Community Policing program is a decade old
Wednesday, July 16, 2014 10:00 PM
My name is Bob Rivers and I am a Detective Lieutenant with the Crawfordsville Police Dept. I started full time with the Police Department on July 27th 1997. I worked for nearly 10 years in the Patrol Division, having held the rank a Patrol Officer and then Patrol Sergeant. I was transferred to the Detective Division early in 2007 where I am currently assigned. I have been a hostage negotiator with the SWAT team since 2000 and have been involved in Community Policing since 2004 when then Chief Kurt Knecht approached me about the concept. Community Policing is what I wish to speak about as it is important to me as an Officer and as a person. The idea of Community Policing was simply put to me as making Police "approachable, friendly and helpful." I must admit that has always been my approach to Police work and to life. Community Policing was a perfect fit for myself and fellow Officer and now Detective Lieutenant David Long. There have been several other Officers involved in Community Policing as time has gone by. Currently we have Officer Toney Bowen that is the third Officer on the Community Policing team.
Chief Mike Norman believes, as did his predecessor Kurt Knecht, that the Police Dept. is here to help people. Help people in crisis, help people out of bad situations and even help people that are doing wrong to be able to stop the wrong doing. Retired Detective Rick Wilson has always said that we as Police are here to help people, not hurt people. I definitely share Detective Wilson's outlook on Police work. I do not agree with the current trend that generalizes all Police as only out to be bullies. I am aware that in our job as Police, we have had times where we have to be direct and even demanding in order to do our jobs safely and effectively. I will, however, still maintain that we are here to help and assist; to serve and protect. I have seen parents point to my uniform and tell their young children that if they do not behave that I will "take them away." I disagree with making such comments as I do not want children to fear the Police, but to be able to look to us for help when they are in need.
When the Community Policing concept was brought up, questions were asked as to what we as Community Police Officers would be doing. The decision was made that once a month, Community Police Officers would go into different neighborhoods in Crawfordsville and walk the neighborhoods. We were to seek out persons who wished to speak with us and assist them with complaints and problems they would present. What I found out when we began doing this was that it worked. Yes, we were immediately met with jokes and comments about being "busted down to walk the beat" and "budget cuts causing no money for gas." After the jokes, however, I found people actually would speak with us and give us information for their neighborhood. We began to hear about problem areas, problem houses, speeds on the streets, animal complaints and other issues that we were able to address. We found that small children were finding us approachable and friendly and did not see us as something to fear. We found that all neighborhoods in Crawfordsville are different, but residents seem to have the same concerns all over the City. The citizens of Crawfordsville want a safe place to live and in general want to do their part to help make and keep our City and neighborhoods safe. Many people do their part and everyone can do their part simply by knowing their neighborhoods, knowing their neighbors and paying attention to things that are out of the ordinary and unusual. Then be sure and report those things to the Police.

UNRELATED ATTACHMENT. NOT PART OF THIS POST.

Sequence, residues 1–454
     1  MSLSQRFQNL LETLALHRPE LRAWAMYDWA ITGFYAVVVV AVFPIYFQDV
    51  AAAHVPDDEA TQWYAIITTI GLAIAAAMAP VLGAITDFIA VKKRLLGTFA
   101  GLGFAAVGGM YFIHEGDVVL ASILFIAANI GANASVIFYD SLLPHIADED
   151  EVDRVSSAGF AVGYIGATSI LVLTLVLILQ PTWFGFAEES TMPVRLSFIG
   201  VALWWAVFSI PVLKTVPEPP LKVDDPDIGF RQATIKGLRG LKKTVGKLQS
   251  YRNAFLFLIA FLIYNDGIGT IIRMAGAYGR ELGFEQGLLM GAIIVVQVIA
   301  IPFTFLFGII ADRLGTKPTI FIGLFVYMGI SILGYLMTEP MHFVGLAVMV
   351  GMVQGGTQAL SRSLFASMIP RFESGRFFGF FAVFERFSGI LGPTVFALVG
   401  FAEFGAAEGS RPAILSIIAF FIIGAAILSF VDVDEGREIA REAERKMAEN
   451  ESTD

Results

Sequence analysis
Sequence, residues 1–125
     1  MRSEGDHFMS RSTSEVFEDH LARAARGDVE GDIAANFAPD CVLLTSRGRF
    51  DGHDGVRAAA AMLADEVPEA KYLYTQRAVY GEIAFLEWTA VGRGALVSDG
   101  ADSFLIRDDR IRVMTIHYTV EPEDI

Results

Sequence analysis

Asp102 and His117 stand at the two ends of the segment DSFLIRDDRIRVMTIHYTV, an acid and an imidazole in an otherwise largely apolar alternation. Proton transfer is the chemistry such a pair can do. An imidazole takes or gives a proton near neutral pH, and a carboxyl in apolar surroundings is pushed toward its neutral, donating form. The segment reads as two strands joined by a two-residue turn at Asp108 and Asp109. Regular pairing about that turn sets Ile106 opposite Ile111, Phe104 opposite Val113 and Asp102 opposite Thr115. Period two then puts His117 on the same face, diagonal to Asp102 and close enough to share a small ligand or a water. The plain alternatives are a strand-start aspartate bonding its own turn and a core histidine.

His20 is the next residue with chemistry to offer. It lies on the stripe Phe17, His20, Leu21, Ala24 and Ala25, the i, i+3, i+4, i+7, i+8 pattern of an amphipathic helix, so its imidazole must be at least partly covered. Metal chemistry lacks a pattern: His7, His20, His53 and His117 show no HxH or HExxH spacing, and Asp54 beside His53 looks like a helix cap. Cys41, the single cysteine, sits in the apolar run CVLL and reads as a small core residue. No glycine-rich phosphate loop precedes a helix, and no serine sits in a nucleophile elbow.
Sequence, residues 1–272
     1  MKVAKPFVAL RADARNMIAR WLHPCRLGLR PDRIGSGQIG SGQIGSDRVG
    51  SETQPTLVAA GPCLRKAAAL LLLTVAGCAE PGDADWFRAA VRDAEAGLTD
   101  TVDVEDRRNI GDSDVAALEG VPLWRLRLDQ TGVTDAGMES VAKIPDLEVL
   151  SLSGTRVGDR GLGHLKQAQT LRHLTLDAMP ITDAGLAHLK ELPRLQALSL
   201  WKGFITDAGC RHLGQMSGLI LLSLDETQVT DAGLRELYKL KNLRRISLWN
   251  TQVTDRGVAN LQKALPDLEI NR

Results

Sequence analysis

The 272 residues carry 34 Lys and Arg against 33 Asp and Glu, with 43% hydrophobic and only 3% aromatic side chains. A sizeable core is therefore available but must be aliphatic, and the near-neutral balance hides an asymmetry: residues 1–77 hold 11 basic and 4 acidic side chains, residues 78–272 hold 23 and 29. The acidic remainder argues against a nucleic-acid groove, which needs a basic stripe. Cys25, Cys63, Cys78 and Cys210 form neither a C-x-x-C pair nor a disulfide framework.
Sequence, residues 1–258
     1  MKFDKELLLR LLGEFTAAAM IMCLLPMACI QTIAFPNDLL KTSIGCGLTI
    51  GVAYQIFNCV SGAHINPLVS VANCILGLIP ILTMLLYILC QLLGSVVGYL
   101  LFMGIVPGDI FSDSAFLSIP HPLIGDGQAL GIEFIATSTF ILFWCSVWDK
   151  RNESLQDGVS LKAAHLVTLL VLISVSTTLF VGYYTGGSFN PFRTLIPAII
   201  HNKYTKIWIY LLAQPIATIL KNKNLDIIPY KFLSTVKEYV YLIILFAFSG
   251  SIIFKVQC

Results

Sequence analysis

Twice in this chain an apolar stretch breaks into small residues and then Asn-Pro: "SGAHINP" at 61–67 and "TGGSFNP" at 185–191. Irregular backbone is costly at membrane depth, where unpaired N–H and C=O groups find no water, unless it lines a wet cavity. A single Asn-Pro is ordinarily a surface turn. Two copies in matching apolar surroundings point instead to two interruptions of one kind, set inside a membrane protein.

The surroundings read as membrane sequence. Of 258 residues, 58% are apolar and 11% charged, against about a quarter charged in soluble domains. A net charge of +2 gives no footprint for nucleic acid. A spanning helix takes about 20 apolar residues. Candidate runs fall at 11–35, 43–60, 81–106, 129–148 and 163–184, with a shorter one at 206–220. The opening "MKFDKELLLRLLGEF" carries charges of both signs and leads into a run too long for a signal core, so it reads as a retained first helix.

We have since been involved in the Strawberry Festival, health and job fairs, as well "Fun days" planned by businesses, schools, nursing homes, and other agencies. At these festivities we pass out trinkets and information to children about safety and show children that we as Police are here to help. As much as our budget can allow, we have pass out materials such as bracelets, pencils, sticker badges and Frisbees among other items. For adults, we have refrigerator magnets with emergency phone numbers on them as well as DNA kits for parents to obtain and then retain samples from their children. Even at these events, we have been able to assist persons with lost children, lost property and a number of other situations. The overall goal is and always has been to present the Crawfordsville Police Department as approachable and helpful and I feel that Community Policing has helped in that respect. In closing, you can be sure to find Community Policing Officers in the coming months and years walking through your neighborhoods and attending festivals and events. Be sure to come talk to us.
Detective Lt. Robert Rivers
Crawfordsville Police Department